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Conduct Disorder, Antisocial Personality Disorder, and Psychopathy

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A repetitive & persistent pattern of seriously antisocial behavior, usually ... Major distinction appears to be in symptomatology. ... – PowerPoint PPT presentation

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Title: Conduct Disorder, Antisocial Personality Disorder, and Psychopathy


1
Conduct Disorder, Antisocial Personality
Disorder, and Psychopathy
2
What is conduct disorder?
  • A repetitive persistent pattern of seriously
    antisocial behavior, usually criminal (illegal)
    in nature marked by extreme callousness.
  • Diagnosis is made in individuals under age 18.
  • Behaviors may include (but not limited to)
  • Cruelty toward animals and/or people
  • Vandalism
  • Lying
  • Theft
  • Physical aggressiveness

3
Conduct Disorder comorbidity
  • Attention Deficit Hyperactivity Disorder
  • Substance use disorders (alcohol, marijuana)
  • Anxiety
  • Depression (15-45)

4
What is prevalence of conduct disorder?
  • Offord colleagues (1987) conducted a study of
    more than 2,500 children in Ontario, Canada.
  • They found that 8 of boys 3 of girls aged
    4-16 met the DSM criteria for conduct disorder.
  • Rates may climb to 16 in boys during
    adolescence.
  • Violent crimes, such as rape aggravated assault
    are largely crimes produced by adolescents.
    Activity peaks by age 17 then drops off.

5
Do kids with conduct disorder become antisocial
adults?
  • More than half of children diagnosed with conduct
    disorder do not become antisocial personalities
    in adulthood (Loeber, 1991 Zoccolillo et al.,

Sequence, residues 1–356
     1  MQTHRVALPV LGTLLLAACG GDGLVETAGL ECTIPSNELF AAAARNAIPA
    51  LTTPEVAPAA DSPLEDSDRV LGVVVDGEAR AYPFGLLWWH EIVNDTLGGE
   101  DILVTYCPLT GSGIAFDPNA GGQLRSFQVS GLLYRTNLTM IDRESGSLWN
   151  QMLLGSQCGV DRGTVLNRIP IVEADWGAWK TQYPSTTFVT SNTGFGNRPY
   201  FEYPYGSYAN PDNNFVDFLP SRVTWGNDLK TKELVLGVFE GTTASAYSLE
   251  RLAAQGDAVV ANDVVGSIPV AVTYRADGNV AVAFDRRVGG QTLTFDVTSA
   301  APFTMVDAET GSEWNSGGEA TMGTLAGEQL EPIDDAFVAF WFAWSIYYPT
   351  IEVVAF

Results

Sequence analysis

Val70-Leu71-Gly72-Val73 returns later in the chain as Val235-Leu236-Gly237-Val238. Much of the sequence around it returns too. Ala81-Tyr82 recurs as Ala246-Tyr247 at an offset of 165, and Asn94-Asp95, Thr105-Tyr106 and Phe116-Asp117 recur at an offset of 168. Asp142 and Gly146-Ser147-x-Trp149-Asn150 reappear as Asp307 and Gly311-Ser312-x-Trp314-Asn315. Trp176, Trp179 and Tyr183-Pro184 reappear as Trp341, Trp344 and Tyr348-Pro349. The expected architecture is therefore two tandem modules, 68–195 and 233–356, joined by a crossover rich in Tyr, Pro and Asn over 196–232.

1992).
  • Males with conduct disorder who had fathers with
    antisocial behavior poor verbal intelligence,
    more likely to develop APD.

6
Moffitts theory Two courses of conduct
disorder
  • 1. Life-course persistent pattern of
    antisocial behavior, beginning with problems by
    age 3 continuing into adulthood.
  • 2. Adolescent-limited normal childhood with
    high levels of antisocial behavior during
    adolescence that does not continue into adulthood.

7
What are Personality Disorders (Axis II)?
  • These are long-standing, pervasive, inflexible
    patterns of behavior.
  • Usually impair social occupational functioning.
  • Are often comorbid with Axis I disorders (e.g.,
    substance use, depression)
  •  
  • Make treating an Axis I disorder more difficult.

8
What is an Antisocial Personality Disorder (APD)?
  • DSM diagnosis
  • 1. The presence of a conduct disorder before
    the age of 15
  • Truancy running away from home
  • Theft compulsive lying
  • Arson vandalism
  • 2. The continuation of this pattern of behavior
    into adulthood.

9
APD features
  • Irresponsible antisocial behavior
  • Criminality (breaking laws)core feature
  • Irritability
  • Physical aggressiveness
  • Defaulting on debts
  • Impulsivity
  • Pathological lying
  • Lack of remorse Not necessary for diagnosis
  • Prevalence 3 of males 1 of females in U.S.

10
What is Psychopathy?
  • Core features-
  • Psychopaths lack remorse
  • Poverty of emotions (positive negative)
  • Psychopaths are
  • Superficially charming
  • Pathological liars cheaters
  • Impulsive sensations seekers
  • Manipulative, will change story to fit facts
  • Less responsive to fear/anxiety
  • Immoral
  • Usually men

11
Psychopaths identified by Hare checklist
  • Two clusters
  • 1. Emotional detachment cluster (a selfish
    remorseless individual with inflated self-esteem
    who exploits others.)
  • 2. Antisocial lifestyle cluster- marked by
    impulsivity irresponsibility.

12
What is the difference between APD and
psychopathy?
  • Major distinction appears to be in
    symptomatology.
  • Lack of remorse, a core symptom of psychopathy,